Regrets and retreads

As we pass the 2nd anniversary of Mom’s passing, I’ve been sitting with a good friend who has recently lost her mother, discussing grief and the process of grieving.
In some ways, it’s not a simple thing, not an easy progression of steps, nor a checklist you can tick off one bit at a time and arrive at an end.
In other ways, it really is quite simple to understand the gauntlet once you’ve gone through it.

“I was fine at her memorial. I was smiling and talking to people. It didn’t look like her. It didn’t feel like she was gone.”
Yes. I remember that feeling of surreal unreality.

“I’ve cried every day since burying her. I still can’t go into the same stores that I used to shop.”
Me neither. I’d run, crying, out of a grocery store because the memories were just too much. It wasn’t even one that we visited together. It was the visceral memory of a childhood habit that gripped my heart and wouldn’t let go.

“I keep asking myself why I didn’t take her to X, why did I choose to do Y instead of Z? Why didn’t I ..”
I’ve second guessed every decision I made in the last twelve years. Constantly. I’m convinced that I was the worst daughter ever because the end, ultimate, result was that she died, never having recovered from her illness.

You could float on the sea of “if onlys” and “what ifs” that we create, in our grief, treading and retreading our memories.

Hindsight, as they say, is 20-20.

But is it really? Is it really so much clearer now that events have irrevocably transpired?

A truth I’ve had to learn is that the other choice always seems like it would have been better only because I already know the outcome of the choices I did make. I have no idea what would have happened had I gone somewhere else for undergrad, if I had pursued a Masters or Doctorate. Maybe I would have had to drop out and be even less prepared to do the basics of supporting the family.

There’s a song by Little Texas that gets me EVERY time I hear it.

That knowledge doesn’t stop me feeling bone-deep regret for not pursuing a white collar profession where I could have earned enough to buy her health insurance outright (even though that would have taken years), or for being angry with her, not just her disease, as she became more ill and less mentally competent. I couldn’t take the step back at the time, it was easier to be angry than to accept and understand that I was losing her.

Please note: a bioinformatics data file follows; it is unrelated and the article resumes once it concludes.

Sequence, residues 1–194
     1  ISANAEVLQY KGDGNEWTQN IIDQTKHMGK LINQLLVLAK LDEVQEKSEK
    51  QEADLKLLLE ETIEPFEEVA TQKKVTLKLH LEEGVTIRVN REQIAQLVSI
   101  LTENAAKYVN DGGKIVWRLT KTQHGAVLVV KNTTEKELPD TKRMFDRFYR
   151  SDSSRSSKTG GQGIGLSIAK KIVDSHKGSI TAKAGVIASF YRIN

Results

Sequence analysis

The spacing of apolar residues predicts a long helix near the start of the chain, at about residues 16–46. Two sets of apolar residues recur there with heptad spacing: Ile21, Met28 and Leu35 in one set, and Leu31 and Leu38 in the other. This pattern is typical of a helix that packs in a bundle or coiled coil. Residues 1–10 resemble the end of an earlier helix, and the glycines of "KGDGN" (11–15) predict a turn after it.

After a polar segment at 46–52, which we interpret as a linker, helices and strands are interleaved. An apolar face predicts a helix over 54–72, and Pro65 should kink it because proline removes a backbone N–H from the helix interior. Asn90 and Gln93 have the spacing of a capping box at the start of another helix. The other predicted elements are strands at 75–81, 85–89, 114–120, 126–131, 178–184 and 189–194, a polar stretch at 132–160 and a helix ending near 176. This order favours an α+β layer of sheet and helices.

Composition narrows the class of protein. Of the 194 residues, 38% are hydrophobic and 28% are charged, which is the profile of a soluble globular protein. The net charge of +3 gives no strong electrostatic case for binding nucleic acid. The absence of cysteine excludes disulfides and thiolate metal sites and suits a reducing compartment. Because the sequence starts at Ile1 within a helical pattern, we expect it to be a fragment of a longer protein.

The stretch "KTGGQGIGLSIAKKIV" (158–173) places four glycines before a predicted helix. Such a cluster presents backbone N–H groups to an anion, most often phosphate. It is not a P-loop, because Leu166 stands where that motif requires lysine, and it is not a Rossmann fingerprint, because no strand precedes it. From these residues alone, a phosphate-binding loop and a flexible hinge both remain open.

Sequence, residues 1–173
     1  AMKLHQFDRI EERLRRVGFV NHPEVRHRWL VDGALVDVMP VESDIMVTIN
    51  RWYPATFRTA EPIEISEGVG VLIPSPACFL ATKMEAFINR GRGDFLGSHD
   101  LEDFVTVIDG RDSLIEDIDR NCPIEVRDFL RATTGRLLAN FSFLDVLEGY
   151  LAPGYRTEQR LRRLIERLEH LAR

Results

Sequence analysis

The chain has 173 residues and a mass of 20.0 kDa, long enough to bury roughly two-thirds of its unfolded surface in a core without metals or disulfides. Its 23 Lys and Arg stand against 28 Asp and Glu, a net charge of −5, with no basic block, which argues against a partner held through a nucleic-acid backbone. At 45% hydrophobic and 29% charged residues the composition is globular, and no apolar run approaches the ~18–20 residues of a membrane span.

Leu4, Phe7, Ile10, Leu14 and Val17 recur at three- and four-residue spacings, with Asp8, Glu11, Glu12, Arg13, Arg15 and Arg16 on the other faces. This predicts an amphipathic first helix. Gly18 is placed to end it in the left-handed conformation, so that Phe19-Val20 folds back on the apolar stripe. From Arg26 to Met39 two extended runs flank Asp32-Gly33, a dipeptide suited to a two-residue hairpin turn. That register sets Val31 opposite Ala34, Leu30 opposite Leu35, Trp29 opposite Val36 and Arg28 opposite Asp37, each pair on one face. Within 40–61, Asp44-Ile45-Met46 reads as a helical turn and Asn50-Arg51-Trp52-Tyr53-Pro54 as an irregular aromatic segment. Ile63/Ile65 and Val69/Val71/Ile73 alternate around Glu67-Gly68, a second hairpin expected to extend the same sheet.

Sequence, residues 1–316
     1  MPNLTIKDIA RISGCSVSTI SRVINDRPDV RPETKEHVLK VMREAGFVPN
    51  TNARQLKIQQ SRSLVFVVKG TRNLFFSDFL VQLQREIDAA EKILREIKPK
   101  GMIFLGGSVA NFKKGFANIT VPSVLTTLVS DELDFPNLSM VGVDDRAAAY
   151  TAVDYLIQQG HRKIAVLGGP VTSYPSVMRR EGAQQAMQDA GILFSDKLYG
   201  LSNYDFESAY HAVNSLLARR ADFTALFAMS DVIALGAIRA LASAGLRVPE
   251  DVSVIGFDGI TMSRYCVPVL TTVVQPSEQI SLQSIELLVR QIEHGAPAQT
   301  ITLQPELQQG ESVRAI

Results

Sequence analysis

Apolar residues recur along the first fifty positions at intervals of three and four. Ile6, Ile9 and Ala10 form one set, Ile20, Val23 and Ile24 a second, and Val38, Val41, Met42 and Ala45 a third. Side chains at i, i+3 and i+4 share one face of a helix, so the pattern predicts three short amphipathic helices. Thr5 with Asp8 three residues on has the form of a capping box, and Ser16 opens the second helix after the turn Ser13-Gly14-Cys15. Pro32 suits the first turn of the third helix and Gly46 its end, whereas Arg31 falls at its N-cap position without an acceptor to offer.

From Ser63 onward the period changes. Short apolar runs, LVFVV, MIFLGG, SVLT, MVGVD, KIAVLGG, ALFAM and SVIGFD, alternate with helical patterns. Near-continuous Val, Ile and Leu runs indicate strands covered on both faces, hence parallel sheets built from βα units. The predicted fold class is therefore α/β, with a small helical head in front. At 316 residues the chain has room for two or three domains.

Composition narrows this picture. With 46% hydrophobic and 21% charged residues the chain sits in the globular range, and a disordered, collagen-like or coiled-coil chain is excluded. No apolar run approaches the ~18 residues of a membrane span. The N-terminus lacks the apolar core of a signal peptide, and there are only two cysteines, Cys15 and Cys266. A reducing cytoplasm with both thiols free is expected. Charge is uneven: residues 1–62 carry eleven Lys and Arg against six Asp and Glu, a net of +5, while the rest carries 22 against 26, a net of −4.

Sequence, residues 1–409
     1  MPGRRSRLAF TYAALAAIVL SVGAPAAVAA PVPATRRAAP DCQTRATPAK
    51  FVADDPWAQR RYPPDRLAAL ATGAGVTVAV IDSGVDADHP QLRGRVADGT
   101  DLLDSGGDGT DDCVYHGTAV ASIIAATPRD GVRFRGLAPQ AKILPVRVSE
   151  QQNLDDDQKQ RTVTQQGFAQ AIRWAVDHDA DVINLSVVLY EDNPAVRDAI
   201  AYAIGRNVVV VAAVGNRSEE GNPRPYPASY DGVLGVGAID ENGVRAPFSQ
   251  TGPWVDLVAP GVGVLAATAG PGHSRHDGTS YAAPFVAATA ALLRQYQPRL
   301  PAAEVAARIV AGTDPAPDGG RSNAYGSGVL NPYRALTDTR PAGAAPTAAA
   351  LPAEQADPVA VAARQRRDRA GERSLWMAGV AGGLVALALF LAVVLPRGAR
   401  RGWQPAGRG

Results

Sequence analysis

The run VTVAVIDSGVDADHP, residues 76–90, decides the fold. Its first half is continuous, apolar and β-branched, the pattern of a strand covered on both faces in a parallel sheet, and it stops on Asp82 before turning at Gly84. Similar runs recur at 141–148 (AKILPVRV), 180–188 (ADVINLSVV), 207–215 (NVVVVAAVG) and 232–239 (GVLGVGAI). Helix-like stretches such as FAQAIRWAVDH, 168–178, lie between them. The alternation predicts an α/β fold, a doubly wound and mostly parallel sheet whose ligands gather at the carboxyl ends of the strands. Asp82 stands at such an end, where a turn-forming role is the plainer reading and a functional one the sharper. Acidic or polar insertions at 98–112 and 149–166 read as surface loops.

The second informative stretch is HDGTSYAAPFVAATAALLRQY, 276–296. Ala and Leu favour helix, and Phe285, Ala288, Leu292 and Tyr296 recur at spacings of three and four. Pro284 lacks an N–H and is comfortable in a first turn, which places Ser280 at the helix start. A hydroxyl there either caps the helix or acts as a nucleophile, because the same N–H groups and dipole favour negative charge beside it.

What might have been

In the aftermath, even after nominally accepting that I, mostly, did the best I could, and failed, I wonder what could have been done differently. And I wonder how much of my choices, and non-choices, affected this family.

Before carrying me to term, Mom had a few miscarriages.

What would have happened if I hadn’t been the one to make it?
What if my brother had a brother like he wanted?
Or what if he had grown up as an only child, with all the attention he clearly needed, without a “weak” (but meaner than a pit of crocs) little sister to take care of and be bitten for his efforts?
What if he hadn’t had me to practice his machinations and manipulations on?
What if he didn’t have a “follower” sibling with my personality and strong inclinations to academic achievement to contend with and push against in his attempts to lead me? Would he have actually reached to do something with his abilities instead of playing the comparison game and not even trying?

It’s part of the family lore that after a few days (or weeks, I forget) of getting to know me, my sibling picked me up and suggested they return to the hospital to trade me in for a better model. Unfortunately for him, hospitals didn’t accept returns at the time or I’m sure he would have just taken me himself. Kids feel that sort of thing all the time, but I wonder whether they all really would have been better off without me?